Lynette Woodard attended Wichita North High School and led the school to two state basketball titles. In 1977, Woodard came to KU to play college basketball. She was a four-time All American at KU and averaged 26 points a game and scored a total of 3,649 points at KU. In recognition of her athletic achievements, Woodard is the first KU woman to have her jersey hung at Allen Fieldhouse. She was also an outstanding student at KU, and twice she was named and Academic All American.
Woodard is truly the consummate trail-blazer: KU All-American in basketball and the holder of numerous records, an Olympic gold medalist, the first woman to play for the legendary Harlem Globetrotters, one of the first players to compete in the Women’s National Basketball Association, a member of the James Naismith Memorial Basketball Hall of Fame, a member of the Women’s Basketball Hall of Fame, the first woman named to the GTE Academic All-American Hall of Fame, and most recently, the 2015 Naismith Outstanding Contributor to Women’s Basketball.
As a star athlete, Woodard helped vault women’s basketball onto the national stage, and as an accomplished student, she set the standard for balancing the dual roles demanded of student-athletes. She represented her country with grace and honor in leading the 1984 U.S. Olympic team to a gold medal, and she achieved a number of “firsts” throughout her distinguished career. She ventured beyond sports to work as a stockbroker and financial adviser before returning to the University as an assistant coach. Woodard also served as athletics director for the Kansas City, Missouri, School District.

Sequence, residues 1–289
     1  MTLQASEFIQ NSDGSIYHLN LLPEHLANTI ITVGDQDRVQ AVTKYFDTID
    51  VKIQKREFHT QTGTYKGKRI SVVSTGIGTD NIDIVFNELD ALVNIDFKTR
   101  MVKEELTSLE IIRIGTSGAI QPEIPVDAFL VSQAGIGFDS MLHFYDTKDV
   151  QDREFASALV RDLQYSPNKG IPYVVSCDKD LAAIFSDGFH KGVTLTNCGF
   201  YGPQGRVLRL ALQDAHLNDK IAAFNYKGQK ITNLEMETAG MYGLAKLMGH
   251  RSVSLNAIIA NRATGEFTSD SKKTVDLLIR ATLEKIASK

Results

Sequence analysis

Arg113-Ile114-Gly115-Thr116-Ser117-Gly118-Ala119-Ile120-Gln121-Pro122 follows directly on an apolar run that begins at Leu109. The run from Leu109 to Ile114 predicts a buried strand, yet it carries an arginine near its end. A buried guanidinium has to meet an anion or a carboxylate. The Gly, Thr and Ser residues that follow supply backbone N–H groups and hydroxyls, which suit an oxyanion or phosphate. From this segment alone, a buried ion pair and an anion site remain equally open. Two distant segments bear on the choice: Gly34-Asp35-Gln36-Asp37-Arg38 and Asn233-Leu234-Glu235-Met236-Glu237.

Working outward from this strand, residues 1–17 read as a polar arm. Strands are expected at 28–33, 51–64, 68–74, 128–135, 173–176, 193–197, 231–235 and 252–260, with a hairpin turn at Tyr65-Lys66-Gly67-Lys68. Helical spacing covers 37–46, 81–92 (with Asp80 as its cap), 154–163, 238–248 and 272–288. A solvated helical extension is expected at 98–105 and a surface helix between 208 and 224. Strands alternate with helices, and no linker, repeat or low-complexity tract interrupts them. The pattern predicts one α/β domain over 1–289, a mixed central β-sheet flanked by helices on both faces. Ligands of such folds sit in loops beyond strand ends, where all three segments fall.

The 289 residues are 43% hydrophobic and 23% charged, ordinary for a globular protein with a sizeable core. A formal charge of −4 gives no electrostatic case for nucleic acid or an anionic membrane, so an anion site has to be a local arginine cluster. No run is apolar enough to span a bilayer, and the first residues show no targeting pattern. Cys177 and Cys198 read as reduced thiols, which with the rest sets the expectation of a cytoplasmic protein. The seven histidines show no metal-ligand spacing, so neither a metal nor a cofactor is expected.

Among Woodard’s numerous honors is the 2015 Women’s Blue Chip Basketball League (WBCBL) Women’s Professional Basketball “Trailblazer” Award, which she received with along with nine other female basketball icons. “The award recognizes some of the most influential people in professional women’s basketball, specifically those who helped blaze the trail, shape the overall landscape and pave the way for women’s professional basketball,” according to the WBCBL. “These 10 women have prevailed to greatness in a male dominated sport and give hope to young girls who inspire to be professional players, coaches, and team owners.”
As the WBCBL noted in honoring her last year, Woodard has become a role model not only as a certifiable national star athlete but also on a more personal level as a coach and mentor to individual athletes and young women who seek to excel in any endeavor. Another of her many honors is the 1993 Fly Hyman Award, presented to Woodard by President Bill Clinton at the White House to an athlete who represents the dignity, spirit and commitment to excellence of Flo Hyman, captain of the 1983 U.S. Olympic volleyball team who died of Marfan’s Syndrome in 1986. Through her hard work, determination, commitment, and service to others, she has inspired, motivated, and encouraged young girls and women to follow their dreams.